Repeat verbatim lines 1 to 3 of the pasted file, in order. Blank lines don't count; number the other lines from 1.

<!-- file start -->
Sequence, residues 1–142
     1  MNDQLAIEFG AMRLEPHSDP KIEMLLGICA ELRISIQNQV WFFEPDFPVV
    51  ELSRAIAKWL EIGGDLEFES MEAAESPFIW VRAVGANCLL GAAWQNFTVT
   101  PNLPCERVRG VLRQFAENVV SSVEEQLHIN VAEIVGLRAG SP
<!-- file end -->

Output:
Sequence, residues 1–142
     1  MNDQLAIEFG AMRLEPHSDP KIEMLLGICA ELRISIQNQV WFFEPDFPVV
    51  ELSRAIAKWL EIGGDLEFES MEAAESPFIW VRAVGANCLL GAAWQNFTVT